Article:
Title:
Locking fastener assembly
United States Patent 4081979


Abstract:
A locking fastener assembly is disclosed for securing electronic equipment or the like to a mounting bracket. The device includes a stud assembly comprising a threaded shank portion for passing through an opening in the bracket, and being threadingly received in an opening at the equipment. An enlarged head adjoins the shank and has a plurality of openings for receiving engaging pins from a cooperating tool. The spatial pattern of the openings (e.g. a spiral) define a plurality of different spacings between pairs of the openings. An annular freely rotatable collar surrounds the head and projects to at least cover the rim of the head, to prevent grasping of such head by a tool. A tool member is provided having a face opposable to the head, the face including a plurality of openings in a pattern corresponding to that on the head. A pair of engaging pins are secured within a pair of openings in the tool member, whereby by overlying the pattern on the tool member with the corresponding pattern on the head, the pair of pins may engage with corresponding openings in the head to permit application of torque for tightening and loosening the stud assembly. The operator may set or encode the fastener assembly by inserting the engaging pins at a selected pair of the openings in the tool member, and closing all openings on the head with a filler material except for the pair of openings alignable with the selected pair at the tool member. Accordingly only a tool member similarly set or encoded will be operable to engage with the head portion.



Inventors:
Dawson, Raymond B. (Berkeley Heights, NJ)
Application Number:
05/744629
Publication Date:
04/04/1978
Filing Date:
11/24/1976
Assignee:
Super Stud Products, Inc. (Berkeley Heights, NJ)
Primary Class:
Other Classes:
70/231, 248/551, 411/910
International Classes:
B60R11/02; B60R11/00; (IPC1-7): E05B73/00
Field of Search:
70/57-58, 70/229, 70/230, 70/231, 70/232, 70/259, 85/35, 85/45, 85/42, 248/203
View Patent Images:
US Patent References:
3563070N/A1971-02-16Earl70/58
3540245TAMPER-PROOF LOCK NUT1970-11-17Pope70/231
3492841THREADED NUT LOCK1970-02-03Ipri70/231
2978896Combination hub cap and air valve lock1961-04-11Saccone70/231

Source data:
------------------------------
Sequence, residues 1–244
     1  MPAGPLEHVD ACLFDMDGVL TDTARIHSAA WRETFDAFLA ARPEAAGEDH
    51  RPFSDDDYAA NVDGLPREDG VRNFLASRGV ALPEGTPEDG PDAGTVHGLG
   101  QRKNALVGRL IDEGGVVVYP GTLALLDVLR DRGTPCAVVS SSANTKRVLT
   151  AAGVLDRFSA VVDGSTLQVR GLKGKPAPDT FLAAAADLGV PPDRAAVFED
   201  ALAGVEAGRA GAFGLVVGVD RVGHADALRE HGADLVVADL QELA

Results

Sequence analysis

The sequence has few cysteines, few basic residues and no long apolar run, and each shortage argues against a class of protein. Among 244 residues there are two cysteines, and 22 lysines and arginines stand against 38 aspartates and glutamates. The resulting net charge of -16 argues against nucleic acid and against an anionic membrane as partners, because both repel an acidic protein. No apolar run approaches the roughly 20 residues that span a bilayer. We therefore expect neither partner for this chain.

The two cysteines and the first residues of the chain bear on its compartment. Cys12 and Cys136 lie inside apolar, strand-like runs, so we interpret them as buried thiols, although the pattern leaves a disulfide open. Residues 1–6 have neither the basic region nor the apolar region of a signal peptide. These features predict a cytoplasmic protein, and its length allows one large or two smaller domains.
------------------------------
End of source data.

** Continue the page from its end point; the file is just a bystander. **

2286950Theft-preventing device1942-06-16Breedlove70/229
1903121Dual wheel structure1933-03-28Lussier85/42



Foreign References:
DT881129June, 195385/45
DE881129C1953-06-29
Primary Examiner:
Wolfe, Robert L.
Attorney, Agent or Firm:
Klauber, Stefan J.
Claims:
I claim:

1. A locking fastener assembly for securing electronic equipment or the like to a mounting bracket or the like, comprising in combination:

a stud assembly comprising a threaded shank portion for passing through an opening in said mounting bracket and being threadingly receivable in an opening at said equipment, and an enlarged head portion at one end of said shank portion having a plurality of openings for receiving engaging pins therein from a cooperating tool, the spatial pattern of said openings defining a plurality of different spacings between selected pairs of said openings;

an annular collar surrounding said head portion and projecting in a direction opposite said threaded shank to at least cover the rim of said head portion, said collar being freely rotatable about said head portion to prevent grasping thereof by a tool;

a tool member having a face opposable to said collar and head portions, said face including a plurality of openings in a pattern mirroring said pattern on said head portion;

at least a pair of engaging pins being provided within a pair of said openings in said tool member, whereby by overlying said pattern on said tool member with said mirroring pattern on said head portion, said pair of pins may engage with corresponding openings in said head to permit application of torque to tighten and loosen said stud assembly; all of said openings on said head except for the pair alignable with the said pins being closed with a filler material, whereby engagement with said tool member can only be effected when said pin pair is keyed with the alignable pair of openings on said head portion.